Fewer than 3,000 Pookila mice are thought to be left in the wild in Victoria, but a new captive breeding program hopes to turn the endangered rodents’ fortunes around.
- The habitat for Pookila mice has shrunk to just five sites in Gippsland
- A captive breeding program is pairing animals to ensure the best genetics
- Cats and foxes, as well as land clearing, are threatening the endangered species
Zoos Victoria’s native rodent biologist Phoebe Burns said the mouse had become extinct at seven of the 12 sites, the species was known to inhabit in Victoria.
“The Pookila has undergone massive declines here in Victoria … our research shows they’re only persisting at five of those sites [in Gippsland],” Dr. Burns said.
“The 2019 drought in Gippsland really knocked them around so we think there’s fewer than 3,000 animals left in the wild at the moment, which is pretty bad.
“They used to be found all the way out across to Anglesea and south-east Melbourne but the only remaining sites now are at [Wilsons Promontory] and around Loch Sport.”
Dr Burns says the Pookila mouse plays an important environmental role by spreading seeds and fungal spores and keeping soil healthy.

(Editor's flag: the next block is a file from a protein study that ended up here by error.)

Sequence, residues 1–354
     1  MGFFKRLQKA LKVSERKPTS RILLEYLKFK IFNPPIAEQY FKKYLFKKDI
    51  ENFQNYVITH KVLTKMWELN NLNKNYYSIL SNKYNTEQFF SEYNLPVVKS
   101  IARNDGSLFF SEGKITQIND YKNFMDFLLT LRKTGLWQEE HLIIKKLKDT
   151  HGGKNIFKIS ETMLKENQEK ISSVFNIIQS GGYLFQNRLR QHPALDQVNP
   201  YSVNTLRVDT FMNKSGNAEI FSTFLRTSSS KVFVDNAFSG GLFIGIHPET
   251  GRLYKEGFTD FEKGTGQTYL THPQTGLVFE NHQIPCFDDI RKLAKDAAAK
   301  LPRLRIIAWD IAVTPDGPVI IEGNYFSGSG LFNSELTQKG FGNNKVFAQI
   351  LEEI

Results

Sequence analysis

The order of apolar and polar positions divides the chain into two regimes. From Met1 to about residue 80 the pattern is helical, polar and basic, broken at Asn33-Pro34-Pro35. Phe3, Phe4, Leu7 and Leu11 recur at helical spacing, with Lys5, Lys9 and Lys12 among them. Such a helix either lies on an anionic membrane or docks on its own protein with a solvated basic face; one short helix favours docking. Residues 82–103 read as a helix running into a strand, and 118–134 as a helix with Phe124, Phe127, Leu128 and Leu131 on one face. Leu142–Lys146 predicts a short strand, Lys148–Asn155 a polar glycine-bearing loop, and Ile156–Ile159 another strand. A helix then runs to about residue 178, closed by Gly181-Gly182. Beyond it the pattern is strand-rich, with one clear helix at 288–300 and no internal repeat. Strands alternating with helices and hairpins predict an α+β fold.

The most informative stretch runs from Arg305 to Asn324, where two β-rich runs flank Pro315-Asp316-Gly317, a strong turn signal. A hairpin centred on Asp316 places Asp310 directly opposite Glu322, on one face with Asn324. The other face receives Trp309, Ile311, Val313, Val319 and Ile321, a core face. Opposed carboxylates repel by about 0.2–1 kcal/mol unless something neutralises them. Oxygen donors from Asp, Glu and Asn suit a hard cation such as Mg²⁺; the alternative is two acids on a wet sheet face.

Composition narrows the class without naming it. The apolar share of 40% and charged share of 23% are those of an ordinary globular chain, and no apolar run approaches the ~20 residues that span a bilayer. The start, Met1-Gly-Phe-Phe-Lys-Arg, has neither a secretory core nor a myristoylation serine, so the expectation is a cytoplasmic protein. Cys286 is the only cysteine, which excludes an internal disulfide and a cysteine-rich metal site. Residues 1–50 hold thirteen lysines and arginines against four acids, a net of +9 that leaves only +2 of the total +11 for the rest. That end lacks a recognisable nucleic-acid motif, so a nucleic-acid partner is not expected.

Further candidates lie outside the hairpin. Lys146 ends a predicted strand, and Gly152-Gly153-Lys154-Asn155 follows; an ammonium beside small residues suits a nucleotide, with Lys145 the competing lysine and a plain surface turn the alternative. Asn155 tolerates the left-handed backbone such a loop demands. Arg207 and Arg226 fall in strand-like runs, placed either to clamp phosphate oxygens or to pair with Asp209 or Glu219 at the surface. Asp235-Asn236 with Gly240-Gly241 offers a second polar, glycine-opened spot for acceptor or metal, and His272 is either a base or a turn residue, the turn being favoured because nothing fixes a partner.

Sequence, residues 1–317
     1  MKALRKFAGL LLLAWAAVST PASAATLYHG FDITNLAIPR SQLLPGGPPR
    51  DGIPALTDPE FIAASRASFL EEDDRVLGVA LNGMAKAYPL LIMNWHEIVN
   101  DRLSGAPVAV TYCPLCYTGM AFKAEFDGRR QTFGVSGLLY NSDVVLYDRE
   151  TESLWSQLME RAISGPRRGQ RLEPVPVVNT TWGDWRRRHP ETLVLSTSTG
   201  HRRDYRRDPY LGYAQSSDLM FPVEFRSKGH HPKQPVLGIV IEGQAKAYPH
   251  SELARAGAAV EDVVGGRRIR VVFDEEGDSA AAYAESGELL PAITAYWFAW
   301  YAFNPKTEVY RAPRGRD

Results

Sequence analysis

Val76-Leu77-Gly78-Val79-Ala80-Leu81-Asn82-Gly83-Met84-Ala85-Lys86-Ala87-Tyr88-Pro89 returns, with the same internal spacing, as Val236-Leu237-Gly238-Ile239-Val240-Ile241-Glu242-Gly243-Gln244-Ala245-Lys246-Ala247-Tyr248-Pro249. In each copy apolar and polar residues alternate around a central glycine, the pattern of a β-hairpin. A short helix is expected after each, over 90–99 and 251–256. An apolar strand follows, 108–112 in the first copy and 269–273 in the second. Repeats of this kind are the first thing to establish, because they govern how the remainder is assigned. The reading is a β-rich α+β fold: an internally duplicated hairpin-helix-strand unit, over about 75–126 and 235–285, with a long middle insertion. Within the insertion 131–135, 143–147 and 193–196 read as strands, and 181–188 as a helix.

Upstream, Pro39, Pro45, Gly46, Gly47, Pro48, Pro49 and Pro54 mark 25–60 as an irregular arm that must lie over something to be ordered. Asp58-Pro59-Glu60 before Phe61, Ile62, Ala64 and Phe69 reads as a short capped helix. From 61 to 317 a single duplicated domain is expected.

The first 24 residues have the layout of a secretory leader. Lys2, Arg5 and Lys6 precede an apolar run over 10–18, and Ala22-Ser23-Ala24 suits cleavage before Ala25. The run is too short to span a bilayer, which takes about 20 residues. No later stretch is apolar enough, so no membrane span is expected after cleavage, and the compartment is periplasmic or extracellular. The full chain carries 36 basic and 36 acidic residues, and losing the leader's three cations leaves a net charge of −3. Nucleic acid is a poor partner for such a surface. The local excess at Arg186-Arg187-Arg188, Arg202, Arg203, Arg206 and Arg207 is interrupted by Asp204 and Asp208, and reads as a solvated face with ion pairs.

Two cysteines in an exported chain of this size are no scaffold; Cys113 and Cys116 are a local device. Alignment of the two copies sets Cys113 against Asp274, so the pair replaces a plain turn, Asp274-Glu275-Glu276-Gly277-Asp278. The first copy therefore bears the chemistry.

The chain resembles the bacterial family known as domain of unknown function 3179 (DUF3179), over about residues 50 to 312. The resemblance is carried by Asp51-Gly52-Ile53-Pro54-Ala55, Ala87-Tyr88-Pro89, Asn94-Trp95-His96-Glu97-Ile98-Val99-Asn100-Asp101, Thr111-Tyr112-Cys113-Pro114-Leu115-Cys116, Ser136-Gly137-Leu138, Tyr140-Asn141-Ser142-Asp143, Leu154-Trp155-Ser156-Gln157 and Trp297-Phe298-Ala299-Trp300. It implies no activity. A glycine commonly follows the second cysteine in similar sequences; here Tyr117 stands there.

“They are one of about 67 different native species of mice and rats that we have in Australia but 15 of those species have already gone extinct,” she said.
“So it is really important to try and look after the ones that we have left like the Pookila.”
Land clearing, fire and introduced predators including foxes and cats have had an impact on the species’ numbers.
The small creature is listed as endangered in both Victoria and Tasmania and vulnerable in Queensland and the ACT.
Zoos Victoria is working with Moonlit Sanctuary, Parks Victoria and other organizations to save the species.
Dr Burns and the team recently collected 22 Pookila mice from the wild for the captive breeding program at Melbourne Zoo.
“We’ve taken individuals from the wild and we’re pairing them with compatible mates, genetically diverse pairings.”
The animals will eventually be released at sites to improve the population’s genetic makeup and in places where threats like cats can be managed.
The team is also hoping to set up an insurance population at the Cranbourne Botanic Gardens.
“Where we can have them free-roaming but in an area where there are no cats,” she said.
“Then we can continue to captive breed them so that we can produce the genetically healthy animals to pop back out into the wild.”
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